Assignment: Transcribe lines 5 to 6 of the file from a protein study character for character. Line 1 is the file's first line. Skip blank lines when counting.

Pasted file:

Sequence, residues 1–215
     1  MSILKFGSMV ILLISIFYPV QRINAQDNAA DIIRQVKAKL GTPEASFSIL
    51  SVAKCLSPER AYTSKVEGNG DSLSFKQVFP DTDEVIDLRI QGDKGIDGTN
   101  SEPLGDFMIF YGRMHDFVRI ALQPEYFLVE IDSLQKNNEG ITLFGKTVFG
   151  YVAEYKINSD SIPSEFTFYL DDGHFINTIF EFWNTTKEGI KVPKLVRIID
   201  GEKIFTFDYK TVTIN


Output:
   151  YVAEYKINSD SIPSEFTFYL DDGHFINTIF EFWNTTKEGI KVPKLVRIID
   201  GEKIFTFDYK TVTIN